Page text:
At least in one case Saudi Arabia will be following Iran. Like the Islamic Republic, the Kingdom will, for the first time, be sending a burqa-clad women contingent to London Olympic. Iran has been sending women team not only in Olympics but also in other games too. After the 1979 Islamic Revolution the dress code changed.
Recently, its team participated in the Asian Cup Kabaddi in Patna (India) and ended runners up.
Muslim clerics in Saudi Arabia have always been opposing the participation of girls and women in sports.
However, under King Abdullah, the government has not only shown sign of opening up and sending women for higher education abroad it has also to send sports team. More and more number of women are participating in work force within the country. There is a woman minister too and they may be allowed to vote in municipal election in the future.
It needs to be recalled that human rights groups had sometimes back called on the International Olympic Committee to bar Saudi Arabia from competing in London, citing its failure ever to send a woman athlete to a Games and its ban on sports in girls’ state schools.
According to a statement published on the Saudi embassy website in London on Monday the kingdom of Saudi Arabia “is looking forward to its complete participation in the London 2012 Olympic Games through the Saudi Arabian Olympic Committee, which will oversee the participation of women athletes who can qualify for the Games.”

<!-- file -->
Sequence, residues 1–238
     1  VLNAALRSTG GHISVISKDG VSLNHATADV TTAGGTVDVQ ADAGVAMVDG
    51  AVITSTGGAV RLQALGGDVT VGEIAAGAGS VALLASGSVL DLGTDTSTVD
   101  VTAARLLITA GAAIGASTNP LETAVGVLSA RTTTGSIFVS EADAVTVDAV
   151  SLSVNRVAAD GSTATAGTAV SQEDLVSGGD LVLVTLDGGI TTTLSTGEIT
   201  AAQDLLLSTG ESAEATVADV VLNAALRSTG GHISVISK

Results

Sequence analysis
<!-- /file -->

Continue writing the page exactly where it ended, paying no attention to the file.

This is a significant departure from the past as only in April the head of the kingdom’s General Presidency of Youth Welfare, the body that regulates sports in Saudi Arabia, said it would not prevent women from competing but that they would not have official government endorsement.
However, the head of the kingdom’s Olympic mission, Khalid al-Dakheel, said on Sunday evening that he was unaware of any developments allowing women to participate.
Even on Monday the IOC said that talks with the Saudis were ongoing and that “we are working to ensure the participation of Saudi women at the Games in London.”
Reports from Riyadh said that perhaps the most likely woman candidate to compete under the Saudi flag in London is equestrian Dalma Malhas. She represented the kingdom at the junior Olympics in Singapore in 2010, but without official support or recognition.
Saudi Arabia’s only female deputy minister, Noura al-Fayez, has written to Human Rights Watch recently saying there is a plan to introduce physical education in girls’ state schools in the kingdom.